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Thursday, March 13, 2008

Shuttle docks with space station

Shuttle Endeavour and a crew of seven blasted off Tuesday on what was to be the longest space station mission ever, a 16-day voyage to build a gangly robot and add a new room that will serve as a closet for a future lab.

The seven crew members of the space shuttle Endeavour boarded the International Space Station on Thursday after docking high over Southeast Asia, NASA said.

The space rendez-vous took place 342 kilometers (212 miles) over Singapore at 0349 GMT, two days after Endeavour blasted off from the Kennedy Space Center in Florida, a NASA TV commentator said.

A bell rang on the ISS after docking was complete to welcome the shuttle on board, in a tradition borrowed from nautical practice.

Hatches between the shuttle and the space station were opened at 0528 GMT, and the three ISS residents and seven Endeavour crew members, including Japanese astronaut Takao Doi, greeted one another with hearty hugs.

About an hour before docking, shuttle commander Dominic Gorie guided the spacecraft through a back-flip maneuver while the ISS crew took some 300 digital pictures of the underbelly of the space shuttle.

The pictures were to be sent to Earth and analyzed for signs of potential damage to the shuttle's thermal tiles, a routine procedure since the space shuttle Columbia disaster in 2003.

Columbia disintegrated re-entering Earth's atmosphere, killing all seven on board, because its thermal shield had been damaged when it was struck by a piece of debris during launch.

Gorie then painstakingly guided the shuttle toward the ISS, carefully aligning the two spacecraft with respective masses of 120 and 320 tonnes, hurtling through space at 29,000 kilometers (18,000 miles) per hour.

The crews now begin 12 days of joint operations to include initial work installing a Japanese laboratory that is to become the largest and last research module of the International Space Station.


The shuttle Endeavour docked early Thursday at the International Space Station, completing another picture-perfect part of its mission after a flawless launch, US space officials said. After docking, the station's three-member resident crew and the seven-member Endeavour crew opened the hatches between the craft at 0528 GMT Thursday to begin 12 days of joint operations.

About an hour before docking, shuttle commander Dominic Gorie and pilot Gregory Johnson steered Endeavour through a now routine yet graceful back flip before the space station's cameras to line up the two craft.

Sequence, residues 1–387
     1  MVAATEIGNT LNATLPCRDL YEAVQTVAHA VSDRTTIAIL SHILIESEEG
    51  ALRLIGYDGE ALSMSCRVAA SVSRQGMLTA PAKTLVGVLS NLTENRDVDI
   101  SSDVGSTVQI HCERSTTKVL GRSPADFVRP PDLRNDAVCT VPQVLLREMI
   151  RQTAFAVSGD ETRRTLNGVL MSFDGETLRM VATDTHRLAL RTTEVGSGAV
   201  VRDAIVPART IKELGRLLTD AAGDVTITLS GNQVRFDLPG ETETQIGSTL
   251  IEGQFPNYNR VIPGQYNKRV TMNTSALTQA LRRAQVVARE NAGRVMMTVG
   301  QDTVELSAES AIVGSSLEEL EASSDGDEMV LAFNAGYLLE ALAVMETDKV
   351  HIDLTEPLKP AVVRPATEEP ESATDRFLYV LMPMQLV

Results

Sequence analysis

The photos, along with those from a self-examination carried out by Endeavour on its way to the space station, are to be studied by ground control to make sure the shuttle's heat shield is still intact after the stresses of Tuesday's launch.

One of the first tasks of the mission is for US astronaut Garrett Reisman to move into the space station while French colleague Leopold Eyharts moves into the shuttle in preparation for his return to Earth after a lengthy stay in orbit.

The crews intend to conduct five spacewalks to install the first part of Japan's Kibo laboratory and the Canadian-built Dextre, a robotic device.

Japan's long-awaited Kibo laboratory - its arrival was delayed by the 2003 Columbia shuttle disaster and the ensuing years of revamping the ageing spacecraft - is to perform about 100 experiments that could aid the development of medications and test new materials in weightlessness.

Japanese astronaut Takao Doi, part of the Endeavour crew, is to help install the Kibo lab.

Two other Japanese astronauts are to fly with missions in May and December to complete construction of the laboratory.

With the addition of Kibo, Japan's Space Station Integration and Promotion Centre north of Tokyo would join other control centres in the United States, Russia and Germany in monitoring components of the space station.

The US space agency, NASA, has an ambitious schedule this year as it hurries to finish construction work on the space station so it can retire the shuttles by 2010.

Russia's Soyuz craft can carry astronauts to the station but only limited amounts of construction material and laboratories because of their small size.

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